Proving that there only finitely many minimal prime ideals of any ideal in Noetherian commutative ring

Currently, I'm trying to solve a problem from a textbook:

Let $R$ be a commutative Noetherian ring with identity, and let $I \subset R$ be a proper ideal of $R$. Then we know that set of prime Ideals of $R$ containing $I$ has minimal elements by inclusion (I decided to call this set $Min(I)$ in sequel). Prove that $Min(I)$ is finite.

There is also a hint : Define $\mathcal{F}$ as set of all Ideals $I$ of $R$ such that $\vert Min(I) \vert = \infty$ . Assume that $\mathcal{F} \neq \emptyset$ . Then it must have a maximal element $I$. Find Ideals $J_1,J_2$ such that they all strictly include I, such that $J_1J_2 \subset I$ and deduce the contradiction.

So I went along this hint: As $I$ can't be a prime as a prime is the only minimal primes for itself. It means that $\exists a,b \not \in I : ab \in I$. As $R$ is Noetherian there is a finite list of its elements $r$ that generates $I = ( r_1, \ldots, r_n)$ . Then it's possible to set $J_1 = (r_1, \ldots,r_n,a)$, $J_2 =(r_1, \ldots, r_n, b )$ with all required properties. As $I$ is maximal in $\mathcal{F}$ sets $Min(J_1)$ and $Min(J_2)$ must be finite.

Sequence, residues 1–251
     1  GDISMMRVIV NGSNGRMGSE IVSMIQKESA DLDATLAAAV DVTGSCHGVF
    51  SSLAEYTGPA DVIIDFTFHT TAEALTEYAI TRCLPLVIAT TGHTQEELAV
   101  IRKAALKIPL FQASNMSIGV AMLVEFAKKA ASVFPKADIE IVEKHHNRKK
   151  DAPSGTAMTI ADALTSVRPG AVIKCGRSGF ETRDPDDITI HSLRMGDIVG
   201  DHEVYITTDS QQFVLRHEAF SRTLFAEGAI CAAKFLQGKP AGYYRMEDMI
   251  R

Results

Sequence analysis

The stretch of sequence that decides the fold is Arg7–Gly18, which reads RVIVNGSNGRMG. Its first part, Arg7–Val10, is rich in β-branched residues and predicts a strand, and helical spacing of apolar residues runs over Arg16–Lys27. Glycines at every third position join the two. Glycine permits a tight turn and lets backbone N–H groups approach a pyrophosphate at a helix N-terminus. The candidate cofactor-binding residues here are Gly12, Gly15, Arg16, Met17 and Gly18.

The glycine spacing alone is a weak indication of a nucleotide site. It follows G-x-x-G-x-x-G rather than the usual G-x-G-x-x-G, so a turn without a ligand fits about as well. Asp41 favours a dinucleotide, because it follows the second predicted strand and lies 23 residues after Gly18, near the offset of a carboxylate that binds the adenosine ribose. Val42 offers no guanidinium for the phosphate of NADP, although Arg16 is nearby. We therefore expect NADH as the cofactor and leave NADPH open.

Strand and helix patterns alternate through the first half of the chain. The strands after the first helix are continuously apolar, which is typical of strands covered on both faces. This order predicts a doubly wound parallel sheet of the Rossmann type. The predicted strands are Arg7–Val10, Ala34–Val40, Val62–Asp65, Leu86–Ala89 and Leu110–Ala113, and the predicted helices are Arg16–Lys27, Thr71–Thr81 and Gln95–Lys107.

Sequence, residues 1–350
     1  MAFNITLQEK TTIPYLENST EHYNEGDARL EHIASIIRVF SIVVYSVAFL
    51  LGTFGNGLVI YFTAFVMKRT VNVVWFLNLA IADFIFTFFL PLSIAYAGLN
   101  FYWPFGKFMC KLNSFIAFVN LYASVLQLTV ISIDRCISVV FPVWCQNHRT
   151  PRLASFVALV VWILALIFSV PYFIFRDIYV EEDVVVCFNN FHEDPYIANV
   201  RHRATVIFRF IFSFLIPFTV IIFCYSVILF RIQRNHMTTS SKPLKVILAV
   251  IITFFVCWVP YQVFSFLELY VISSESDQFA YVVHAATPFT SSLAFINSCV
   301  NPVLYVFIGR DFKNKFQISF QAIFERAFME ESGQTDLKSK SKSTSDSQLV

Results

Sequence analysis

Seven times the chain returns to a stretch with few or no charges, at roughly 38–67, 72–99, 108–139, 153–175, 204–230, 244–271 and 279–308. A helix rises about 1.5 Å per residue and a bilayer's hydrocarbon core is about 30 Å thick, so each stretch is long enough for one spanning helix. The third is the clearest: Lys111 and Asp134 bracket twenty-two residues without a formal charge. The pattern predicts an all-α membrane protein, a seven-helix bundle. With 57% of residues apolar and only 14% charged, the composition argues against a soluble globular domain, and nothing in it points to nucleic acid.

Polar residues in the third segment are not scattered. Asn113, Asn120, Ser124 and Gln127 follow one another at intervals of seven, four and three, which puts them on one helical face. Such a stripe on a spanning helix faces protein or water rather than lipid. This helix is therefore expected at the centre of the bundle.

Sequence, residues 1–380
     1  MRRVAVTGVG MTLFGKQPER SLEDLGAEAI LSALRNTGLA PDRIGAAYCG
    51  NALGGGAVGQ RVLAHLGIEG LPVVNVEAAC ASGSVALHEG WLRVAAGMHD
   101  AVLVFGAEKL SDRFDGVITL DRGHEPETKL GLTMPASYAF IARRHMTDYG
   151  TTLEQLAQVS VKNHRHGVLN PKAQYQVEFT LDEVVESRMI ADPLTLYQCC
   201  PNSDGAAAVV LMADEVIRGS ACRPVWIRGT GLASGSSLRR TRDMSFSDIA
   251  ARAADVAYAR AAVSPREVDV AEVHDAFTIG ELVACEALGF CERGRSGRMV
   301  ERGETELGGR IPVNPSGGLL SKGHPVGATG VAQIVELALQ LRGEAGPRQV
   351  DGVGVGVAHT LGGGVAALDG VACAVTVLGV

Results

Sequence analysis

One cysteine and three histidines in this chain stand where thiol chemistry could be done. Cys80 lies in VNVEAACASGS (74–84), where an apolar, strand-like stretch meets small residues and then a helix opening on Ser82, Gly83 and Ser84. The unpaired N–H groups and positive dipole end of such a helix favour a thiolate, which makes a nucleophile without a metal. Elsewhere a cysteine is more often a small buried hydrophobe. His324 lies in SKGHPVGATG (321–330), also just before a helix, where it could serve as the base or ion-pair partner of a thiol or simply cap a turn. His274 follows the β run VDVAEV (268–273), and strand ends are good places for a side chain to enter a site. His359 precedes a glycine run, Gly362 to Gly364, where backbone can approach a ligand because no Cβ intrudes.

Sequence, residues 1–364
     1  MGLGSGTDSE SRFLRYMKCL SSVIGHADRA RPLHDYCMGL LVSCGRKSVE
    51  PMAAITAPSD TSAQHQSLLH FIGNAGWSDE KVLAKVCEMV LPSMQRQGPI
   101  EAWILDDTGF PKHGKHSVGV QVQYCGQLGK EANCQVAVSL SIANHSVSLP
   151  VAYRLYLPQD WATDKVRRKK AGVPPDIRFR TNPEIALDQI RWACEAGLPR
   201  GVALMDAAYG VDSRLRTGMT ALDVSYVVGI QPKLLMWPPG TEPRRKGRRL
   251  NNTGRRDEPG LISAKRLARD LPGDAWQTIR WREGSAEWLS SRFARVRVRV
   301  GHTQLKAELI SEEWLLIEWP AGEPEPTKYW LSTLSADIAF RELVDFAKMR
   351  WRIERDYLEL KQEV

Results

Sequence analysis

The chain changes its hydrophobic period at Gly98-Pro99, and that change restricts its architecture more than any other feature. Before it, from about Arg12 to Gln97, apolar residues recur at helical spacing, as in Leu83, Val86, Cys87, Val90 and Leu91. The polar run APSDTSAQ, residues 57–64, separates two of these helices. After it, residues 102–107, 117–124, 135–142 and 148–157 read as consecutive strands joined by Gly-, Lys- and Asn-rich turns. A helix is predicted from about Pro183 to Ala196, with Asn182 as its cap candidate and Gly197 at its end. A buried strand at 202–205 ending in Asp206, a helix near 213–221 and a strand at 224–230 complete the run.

I am failing to find a desired contradiction and will be grateful for any help.

(To continue your argument) But let $P\in Min(I)$, since $ab\in I\subset P$ and $P$ is prime, $a\in P$ or $b\in P$ this implies that $J_1\subset P$ or $J_2\subset P$. Remark that an element $P$ of $Min(I)$ which contains $J_l,l=1,2$ is in $Min(J_l)$ thus $Min(I)\subset Min(J_1)\cup Min(J_2)$. This implies that $Min(J_1)$ or $Min(J_2)$ is infinite. This is in the contradiction with the fact that $I$ is maximal among the ideals such that $Min(I)$ is infinite.